Am J Clin Nutr 2020 11;112(5):1188-1199
Stanford Prevention Research Center, Stanford University School of Medicine, Stanford, CA, USA.
Background: Despite the rising popularity of plant-based alternative meats, there is limited evidence of the health effects of these products.
Objectives: We aimed to compare the effect of consuming plant-based alternative meat (Plant) as opposed to animal meat (Animal) on health factors. The primary outcome was fasting serum trimethylamine-N-oxide (TMAO). Secondary outcomes included fasting insulin-like growth factor 1, lipids, glucose, insulin, blood pressure, and weight.
Methods: SWAP-MEAT (The Study With Appetizing Plantfood-Meat Eating Alternatives Trial) was a single-site, randomized crossover trial with no washout period. Participants received Plant and Animal products, dietary counseling, lab assessments, microbiome assessments (16S), and anthropometric measurements. Participants were instructed to consume ≥2 servings/d of Plant compared with Animal for 8 wk each, while keeping all other foods and beverages as similar as possible between the 2 phases.
Results: The 36 participants who provided complete data for both crossover phases included 67% women, were 69% Caucasian, had a mean ± SD age 50 ± 14 y, and BMI 28 ± 5 kg/m2. Mean ± SD servings per day were not different by intervention sequence: 2.5 ± 0.6 compared with 2.6 ± 0.7 for Plant and Animal, respectively (P = 0.76). Mean ± SEM TMAO concentrations were significantly lower overall for Plant (2.7 ± 0.3) than for Animal (4.7 ± 0.9) (P = 0.012), but a significant order effect was observed (P = 0.023). TMAO concentrations were significantly lower for Plant among the n = 18 who received Plant second (2.9 ± 0.4 compared with 6.4 ± 1.5, Plant compared with Animal, P = 0.007), but not for the n = 18 who received Plant first (2.5 ± 0.4 compared with 3.0 ± 0.6, Plant compared with Animal, P = 0.23). Exploratory analyses of the microbiome failed to reveal possible responder compared with nonresponder factors. Mean ± SEM LDL-cholesterol concentrations (109.9 ± 4.5 compared with 120.7 ± 4.5 mg/dL, P = 0.002) and weight (78.7 ± 3.0 compared with 79.6 ± 3.0 kg, P < 0.001) were lower during the Plant phase.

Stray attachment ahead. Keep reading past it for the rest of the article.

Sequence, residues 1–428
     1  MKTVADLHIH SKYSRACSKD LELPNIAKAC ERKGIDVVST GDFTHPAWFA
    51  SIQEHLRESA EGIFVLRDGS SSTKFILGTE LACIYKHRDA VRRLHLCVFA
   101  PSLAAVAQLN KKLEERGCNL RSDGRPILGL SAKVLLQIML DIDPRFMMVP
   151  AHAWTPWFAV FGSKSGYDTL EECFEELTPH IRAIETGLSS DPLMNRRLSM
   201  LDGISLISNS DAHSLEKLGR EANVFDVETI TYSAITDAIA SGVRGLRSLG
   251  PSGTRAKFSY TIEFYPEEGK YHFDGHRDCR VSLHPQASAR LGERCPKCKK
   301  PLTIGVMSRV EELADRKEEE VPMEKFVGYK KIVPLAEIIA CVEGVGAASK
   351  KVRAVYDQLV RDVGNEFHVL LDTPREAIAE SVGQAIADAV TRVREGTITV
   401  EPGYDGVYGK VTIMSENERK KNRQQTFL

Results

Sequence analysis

Conclusions: Among generally healthy adults, contrasting Plant with Animal intake, while keeping all other dietary components similar, the Plant products improved several cardiovascular disease risk factors, including TMAO; there were no adverse effects on risk factors from the Plant products.This trial was registered at clinicaltrials.gov as NCT03718988.